Believe me when I say that my purpose is not to offend. In fact, it bothers me when someone is honestly offended because I don’t consider myself an offensive guy. I am just a harmless, lovable little fuzzball. So, take some advice. Lighten up. We should all laugh more at ourselves . . . . And if you can’t laugh at yourself, turn these pages and laugh at me laughing for you.
Rush lauded Ronald Reagan as “my hero” and thanked Pat Buchanan for “destroy[ing] David Duke’s so-called Republican candidacy” and “dispatching Duke to the ash heap of irrelevance.” Then, from the final chapter, “We Are Winning”:
Many times I get calls on my show from people who rail against one liberal outrage or another and complain that the country is going down the tubes. “The liberals are winning, Rush,” they mournfully conclude. “America is never going to be as great as it once was.” I have one word for such defeatism: NONSENSE . . .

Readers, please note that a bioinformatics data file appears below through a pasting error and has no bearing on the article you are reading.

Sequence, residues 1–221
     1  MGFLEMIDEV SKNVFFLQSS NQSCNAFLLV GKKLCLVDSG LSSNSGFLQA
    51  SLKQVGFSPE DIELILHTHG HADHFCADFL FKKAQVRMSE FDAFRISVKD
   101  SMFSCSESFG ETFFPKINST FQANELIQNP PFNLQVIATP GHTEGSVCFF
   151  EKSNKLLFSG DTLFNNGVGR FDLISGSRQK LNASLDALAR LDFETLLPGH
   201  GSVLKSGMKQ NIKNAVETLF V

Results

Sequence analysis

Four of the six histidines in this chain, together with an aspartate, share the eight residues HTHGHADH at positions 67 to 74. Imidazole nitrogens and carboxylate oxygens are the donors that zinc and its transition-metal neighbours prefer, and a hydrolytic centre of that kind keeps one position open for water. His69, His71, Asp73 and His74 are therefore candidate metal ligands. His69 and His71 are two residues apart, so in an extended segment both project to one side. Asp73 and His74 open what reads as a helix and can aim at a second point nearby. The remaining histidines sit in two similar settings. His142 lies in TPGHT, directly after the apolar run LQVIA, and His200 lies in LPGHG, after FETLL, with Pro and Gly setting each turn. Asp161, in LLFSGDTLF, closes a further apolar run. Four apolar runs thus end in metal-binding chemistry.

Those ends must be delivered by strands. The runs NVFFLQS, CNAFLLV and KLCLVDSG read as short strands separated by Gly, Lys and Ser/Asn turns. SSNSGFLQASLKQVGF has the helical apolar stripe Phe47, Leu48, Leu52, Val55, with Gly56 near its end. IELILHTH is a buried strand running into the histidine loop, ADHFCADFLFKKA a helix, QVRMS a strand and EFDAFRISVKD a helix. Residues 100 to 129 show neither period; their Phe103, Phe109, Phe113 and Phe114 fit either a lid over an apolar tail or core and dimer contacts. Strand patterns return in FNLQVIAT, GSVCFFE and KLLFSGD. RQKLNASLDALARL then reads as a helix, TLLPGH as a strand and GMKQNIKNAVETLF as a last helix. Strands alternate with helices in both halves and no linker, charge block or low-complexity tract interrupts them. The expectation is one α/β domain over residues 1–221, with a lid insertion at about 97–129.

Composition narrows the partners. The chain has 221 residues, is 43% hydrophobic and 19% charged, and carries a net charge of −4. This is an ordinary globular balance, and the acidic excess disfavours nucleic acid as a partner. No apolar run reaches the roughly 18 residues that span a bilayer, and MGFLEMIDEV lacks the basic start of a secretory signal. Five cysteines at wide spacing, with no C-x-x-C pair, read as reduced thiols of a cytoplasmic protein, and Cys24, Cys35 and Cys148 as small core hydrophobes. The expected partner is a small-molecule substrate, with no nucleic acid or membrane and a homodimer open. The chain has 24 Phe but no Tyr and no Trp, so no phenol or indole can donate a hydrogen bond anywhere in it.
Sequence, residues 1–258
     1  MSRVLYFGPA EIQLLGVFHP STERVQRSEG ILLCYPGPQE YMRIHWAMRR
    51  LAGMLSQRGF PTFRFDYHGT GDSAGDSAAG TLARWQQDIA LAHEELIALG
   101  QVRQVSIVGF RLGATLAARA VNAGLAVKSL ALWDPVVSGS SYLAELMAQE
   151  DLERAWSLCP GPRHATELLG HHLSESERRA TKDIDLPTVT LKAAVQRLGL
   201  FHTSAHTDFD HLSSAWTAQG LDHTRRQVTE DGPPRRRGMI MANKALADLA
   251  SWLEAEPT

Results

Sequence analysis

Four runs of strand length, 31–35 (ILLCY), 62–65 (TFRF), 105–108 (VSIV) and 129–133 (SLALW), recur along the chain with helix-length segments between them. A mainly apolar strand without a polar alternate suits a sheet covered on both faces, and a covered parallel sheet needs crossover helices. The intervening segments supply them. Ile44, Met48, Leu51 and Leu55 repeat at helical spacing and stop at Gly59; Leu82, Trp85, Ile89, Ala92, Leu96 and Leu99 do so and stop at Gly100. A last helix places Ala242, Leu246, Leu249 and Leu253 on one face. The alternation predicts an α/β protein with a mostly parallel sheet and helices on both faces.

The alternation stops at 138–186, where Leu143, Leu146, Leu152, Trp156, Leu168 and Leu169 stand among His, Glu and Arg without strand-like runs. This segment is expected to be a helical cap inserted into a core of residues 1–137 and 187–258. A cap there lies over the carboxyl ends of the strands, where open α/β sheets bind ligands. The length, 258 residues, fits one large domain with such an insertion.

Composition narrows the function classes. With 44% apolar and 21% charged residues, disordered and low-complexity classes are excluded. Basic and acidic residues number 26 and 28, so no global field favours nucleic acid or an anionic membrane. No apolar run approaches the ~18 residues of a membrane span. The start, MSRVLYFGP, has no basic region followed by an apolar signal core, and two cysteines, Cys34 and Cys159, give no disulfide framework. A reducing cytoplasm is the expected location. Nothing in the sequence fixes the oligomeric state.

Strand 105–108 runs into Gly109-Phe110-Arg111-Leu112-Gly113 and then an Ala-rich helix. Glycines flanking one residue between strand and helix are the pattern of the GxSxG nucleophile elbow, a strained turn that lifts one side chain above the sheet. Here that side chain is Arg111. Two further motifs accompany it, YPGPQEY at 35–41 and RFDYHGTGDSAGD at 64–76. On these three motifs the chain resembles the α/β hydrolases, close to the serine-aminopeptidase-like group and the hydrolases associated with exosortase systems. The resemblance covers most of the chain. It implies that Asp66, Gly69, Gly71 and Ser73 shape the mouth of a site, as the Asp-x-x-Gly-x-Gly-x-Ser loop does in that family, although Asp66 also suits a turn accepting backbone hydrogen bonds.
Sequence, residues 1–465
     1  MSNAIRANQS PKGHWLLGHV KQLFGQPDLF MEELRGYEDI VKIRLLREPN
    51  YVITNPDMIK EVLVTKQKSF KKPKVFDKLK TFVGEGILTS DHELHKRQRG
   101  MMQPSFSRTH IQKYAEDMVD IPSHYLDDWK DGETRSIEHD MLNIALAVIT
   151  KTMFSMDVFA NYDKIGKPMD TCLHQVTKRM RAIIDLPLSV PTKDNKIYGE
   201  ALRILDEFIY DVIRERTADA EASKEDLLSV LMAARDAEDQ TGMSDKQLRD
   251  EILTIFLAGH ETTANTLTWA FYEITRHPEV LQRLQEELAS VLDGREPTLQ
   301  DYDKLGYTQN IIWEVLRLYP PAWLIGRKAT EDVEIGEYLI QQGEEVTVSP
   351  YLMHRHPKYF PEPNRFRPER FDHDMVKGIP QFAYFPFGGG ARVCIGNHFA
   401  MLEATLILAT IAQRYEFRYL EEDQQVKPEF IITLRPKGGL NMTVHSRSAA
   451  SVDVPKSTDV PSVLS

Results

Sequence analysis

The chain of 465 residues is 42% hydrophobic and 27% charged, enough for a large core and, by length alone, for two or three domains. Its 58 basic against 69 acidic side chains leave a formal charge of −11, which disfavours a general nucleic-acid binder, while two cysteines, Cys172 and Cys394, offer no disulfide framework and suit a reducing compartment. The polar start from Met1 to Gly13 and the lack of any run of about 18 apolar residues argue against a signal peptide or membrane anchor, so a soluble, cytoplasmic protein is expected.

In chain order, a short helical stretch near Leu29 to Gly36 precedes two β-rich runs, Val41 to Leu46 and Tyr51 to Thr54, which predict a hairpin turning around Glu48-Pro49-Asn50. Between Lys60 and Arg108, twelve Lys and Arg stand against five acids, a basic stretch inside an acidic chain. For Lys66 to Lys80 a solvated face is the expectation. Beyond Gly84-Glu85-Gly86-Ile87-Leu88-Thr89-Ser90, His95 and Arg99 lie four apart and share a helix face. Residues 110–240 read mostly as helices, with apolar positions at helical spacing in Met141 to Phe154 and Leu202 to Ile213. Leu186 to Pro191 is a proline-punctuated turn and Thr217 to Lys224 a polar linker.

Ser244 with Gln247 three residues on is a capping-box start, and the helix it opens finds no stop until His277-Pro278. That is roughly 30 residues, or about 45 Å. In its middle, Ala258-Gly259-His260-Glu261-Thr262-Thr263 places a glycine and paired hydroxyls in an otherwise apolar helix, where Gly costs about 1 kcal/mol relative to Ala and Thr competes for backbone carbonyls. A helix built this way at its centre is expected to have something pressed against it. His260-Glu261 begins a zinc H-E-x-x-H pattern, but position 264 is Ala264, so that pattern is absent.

Conservatives are an ever-growing majority. So take heart, dear reader. Don’t get down. Remember how I handle them. I laugh at their outrageous statements and I ridicule their latest lunacies. So should you. Laugh and move on. They are the past. We conservatives are the future. . . . Be confident. This country has not run out of opportunity. Your children can live in an America that is better, safer, more moral, and more prosperous.